Thursday, March 02, 2006

Dvar Torah: Terumah

I need to interrupt my apartment search to write a Dvar Torah as I find the latter quite theraputic.

This week we come upon the torah portion of Trumah. Here begins the long arduous and detailed descriptions of the Tabernacle and it's vessels which occupy much of the rest of the non-Narrative parts of the Torah. This portion deals with God revealing the descriptions of the Aron (Ark of the Covenant), Shulchan (Table upon which the 12 loaves of unleavened challah were placed), Menorah (7-branched candelabrum), and the Mishkan (the Tabernacle) itself. That actually is the entire content of the portion. The parallel story in next week's Torah portion, Tetzaveh, of the vestments of Aaron the Kohen Gadol (High Priest) and the other Kohanim (associate Priests) is similar in descriptive content. For that one I have already at least three divrei torah which I have previously written and delivered, two on the special Shabbat of Zachor, one of which I delivered as a Dvar Torah at Koach two years ago and the other of which was published in the Spring 2005 Edition of the Kol Columbia Newspaper, and one which I gave at a memorial siyyum on Simchat Torah this past year (getting shafted with the penultimate picked Torah portion, but I made something of it).

If you know anything about me, you know that I am a Rabbinic Jew (as are anyone else one would considder Jewish today, which also includes Conservative-Orthodox-Reform-Reconstructionist and Chassidic but excludes Saducees and Karaites, as well as Samaritans (I do not know so much about the Jews of the Abuyadaya nor the Falasha Jews from Ethiopia or other lost tribes, but the connection I am trying to make is to knowledge and acceptance of Rabbinic texts such as the Mishnah and Talmud). Anyway, as a Rabbinic Jew, I hold heavily on Rabbinic reading of the texts. The only reason I spent time talking about this is to establish that I hold Midrash, Rabbinic derivation of the text, in high esteem.

So I just want to point out some interesting points I found either in the text (pshat) or from rabbinic interpretation (drash). If you try reading the text in its detail, you will notice a lot of numbers, colors, measurements, textiles, metals, all of which would even baffle the greatest architect (well, all but Betzalel ben Uri, anyway). Our great master and teacher Moses had a bit of trouble with the description as well, apparently. All four of these things mentioned in Trumah, there is some form of "תעשה אותו כאשר הראה אתך בהר כן יעשו" Thus shall you make it just as I showed you on Mount [Sinai/Horeb (depending if this is a J text or an E text)]. How did God show it to Moses? In a very showy way, because God has stylish pizzaz! God showed moses fiery versions of each of these things, fires of gold, red, green, and black comprised these fiery effigies (maybe not the best choice of terms...). Only when Moses saw these fiery representations did he understand. The Torah is often compared to fire. It's often compared to water too... and flour... and honey... but anyway, it is a lesson perhaps that we need to experience the fiery law, this itself possibly a midrash on why midrash is important. Glean from this what you will, I'm not putting in any message, I just wanted to present it.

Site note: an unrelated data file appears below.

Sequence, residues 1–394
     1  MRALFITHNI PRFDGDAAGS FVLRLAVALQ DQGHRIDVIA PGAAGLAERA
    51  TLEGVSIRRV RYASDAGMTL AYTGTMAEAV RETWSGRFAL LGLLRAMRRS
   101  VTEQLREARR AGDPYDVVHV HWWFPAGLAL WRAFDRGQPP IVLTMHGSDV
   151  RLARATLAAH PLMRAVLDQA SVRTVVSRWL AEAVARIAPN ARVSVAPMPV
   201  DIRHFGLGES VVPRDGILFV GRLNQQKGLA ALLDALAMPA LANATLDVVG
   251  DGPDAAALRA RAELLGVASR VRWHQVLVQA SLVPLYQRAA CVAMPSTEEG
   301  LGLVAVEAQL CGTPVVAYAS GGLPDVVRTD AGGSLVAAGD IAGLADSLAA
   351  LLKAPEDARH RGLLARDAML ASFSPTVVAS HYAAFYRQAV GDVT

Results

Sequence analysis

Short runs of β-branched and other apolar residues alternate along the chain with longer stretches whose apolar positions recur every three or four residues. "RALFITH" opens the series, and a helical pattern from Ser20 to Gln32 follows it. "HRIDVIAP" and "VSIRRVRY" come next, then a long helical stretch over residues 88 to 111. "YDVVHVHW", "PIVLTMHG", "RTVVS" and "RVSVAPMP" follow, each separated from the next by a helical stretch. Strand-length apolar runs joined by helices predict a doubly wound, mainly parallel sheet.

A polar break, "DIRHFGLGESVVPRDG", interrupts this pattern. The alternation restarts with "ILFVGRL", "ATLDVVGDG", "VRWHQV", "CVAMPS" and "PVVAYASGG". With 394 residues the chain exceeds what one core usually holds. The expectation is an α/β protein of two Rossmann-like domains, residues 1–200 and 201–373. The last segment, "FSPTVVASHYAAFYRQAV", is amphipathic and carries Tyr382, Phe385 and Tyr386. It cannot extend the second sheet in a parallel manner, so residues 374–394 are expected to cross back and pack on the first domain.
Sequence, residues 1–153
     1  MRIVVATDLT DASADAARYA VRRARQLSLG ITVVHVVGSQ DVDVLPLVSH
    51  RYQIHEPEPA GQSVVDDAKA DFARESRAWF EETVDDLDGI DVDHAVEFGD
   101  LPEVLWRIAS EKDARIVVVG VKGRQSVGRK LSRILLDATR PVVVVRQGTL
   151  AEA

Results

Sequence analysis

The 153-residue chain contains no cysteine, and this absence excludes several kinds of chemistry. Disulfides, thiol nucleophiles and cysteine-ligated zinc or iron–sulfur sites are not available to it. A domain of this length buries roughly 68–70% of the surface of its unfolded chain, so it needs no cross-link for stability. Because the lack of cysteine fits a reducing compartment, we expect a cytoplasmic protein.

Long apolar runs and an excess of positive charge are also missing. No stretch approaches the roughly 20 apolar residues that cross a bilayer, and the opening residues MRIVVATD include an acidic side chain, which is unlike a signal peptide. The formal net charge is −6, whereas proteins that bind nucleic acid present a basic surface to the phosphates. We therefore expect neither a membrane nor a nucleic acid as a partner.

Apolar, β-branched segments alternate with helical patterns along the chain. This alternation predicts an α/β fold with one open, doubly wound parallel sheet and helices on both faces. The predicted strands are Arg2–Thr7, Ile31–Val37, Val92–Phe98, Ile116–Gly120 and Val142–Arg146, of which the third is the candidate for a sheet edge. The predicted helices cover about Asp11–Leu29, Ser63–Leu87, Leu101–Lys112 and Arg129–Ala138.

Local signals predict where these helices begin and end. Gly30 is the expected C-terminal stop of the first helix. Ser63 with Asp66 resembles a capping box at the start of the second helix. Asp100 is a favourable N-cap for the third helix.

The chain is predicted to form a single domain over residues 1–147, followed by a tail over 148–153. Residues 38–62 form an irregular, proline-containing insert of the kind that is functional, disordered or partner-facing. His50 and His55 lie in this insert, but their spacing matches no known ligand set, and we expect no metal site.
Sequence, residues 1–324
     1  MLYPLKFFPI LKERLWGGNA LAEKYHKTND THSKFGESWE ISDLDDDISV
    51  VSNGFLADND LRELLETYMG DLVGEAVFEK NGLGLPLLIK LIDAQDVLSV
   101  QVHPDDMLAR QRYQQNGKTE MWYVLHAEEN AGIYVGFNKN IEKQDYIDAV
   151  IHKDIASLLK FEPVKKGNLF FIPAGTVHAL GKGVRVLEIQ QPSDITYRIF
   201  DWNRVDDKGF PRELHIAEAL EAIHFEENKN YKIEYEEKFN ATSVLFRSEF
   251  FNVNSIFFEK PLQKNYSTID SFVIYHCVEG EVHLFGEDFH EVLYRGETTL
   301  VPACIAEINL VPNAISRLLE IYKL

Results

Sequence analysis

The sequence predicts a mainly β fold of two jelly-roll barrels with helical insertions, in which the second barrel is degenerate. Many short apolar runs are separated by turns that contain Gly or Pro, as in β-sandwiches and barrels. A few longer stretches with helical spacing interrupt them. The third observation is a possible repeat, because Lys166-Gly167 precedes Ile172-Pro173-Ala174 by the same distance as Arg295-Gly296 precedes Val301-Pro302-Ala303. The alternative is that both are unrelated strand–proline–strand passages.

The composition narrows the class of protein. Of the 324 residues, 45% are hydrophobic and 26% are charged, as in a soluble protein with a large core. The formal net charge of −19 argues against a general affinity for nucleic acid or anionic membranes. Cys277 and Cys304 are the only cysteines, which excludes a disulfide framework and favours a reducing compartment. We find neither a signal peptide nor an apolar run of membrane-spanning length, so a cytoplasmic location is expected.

Okay, one more thing. Moses was commanded to make two Cheruvim (Cherubs) out of the pure sheet of gold that comprised the cover of the Ark of the Covenant. These cherubs faced each other and stretched out their arms toward each other, longing to embrace one another. Once installed in the Temple in Jerusalem, they became a early-warning system of sorts. When God was happy, the cherubs would be embracing. When God was angry, they would be facing different directions.

My "cousin" (actually my godmother's brother) James "Jimmy" Dorskind, who was the Director of Presidential Correspondance and Deputy Assistant to the President, and then Acting General Counsel for the Department of Commerce under President Clinton was giving me a tour of the White House about 11 years ago. When we arrived outside the Oval Office (it was that kind of tour, I got Level A Badge Security Clearance and everything) he showed me a bust of President Abraham Lincoln that stood outside the most powerful room on earth. He told me that this statue was moved here under President Ronald Reagan and put on a discreet lazy-susan and under a spotlight. When President Reagan, infamous for his temper, was in an angry mood, staffers turned the bust around to face the alcove, the shadow cast looked remarkably like Richard Nixon. This was a sign that entering would be at your own risk until the President cooled-down. I got to play with the bust and it indeed looked like Nixon (then we were asked to move out of the way because we were told the President was going to get his golf clubs from the Oval Office closet so he could play golf in the Rose Garden (that's what we were told; if there was an intern waiting for him in there, I did not see her when I went in there)). Anyway perhaps the staffers got this idea from the midrash I presented. There is more to the midrash, though. When the First Temple was being destroyed, the person who went into the Holy of Holies to hide the Ark of the Covenant in a safe hiding place (where it apparently remains hidden to this day) was shocked when he saw the strangest sight: While God's Temple was being pillaged and destroyed, the angelic golden creatures were not only facing one another, but were embracing harder than ever. He knew then that God destroyed the Temple out of His great mercy and love. Instead of taking it out on us who deserved destruction for the sins we committed against God and each other, he took it out on the wood and stones of His abode. So great is God's love for his people, symbolized in the tearful cherubs hugging more than they ever had before.

Shabbat Shalom,

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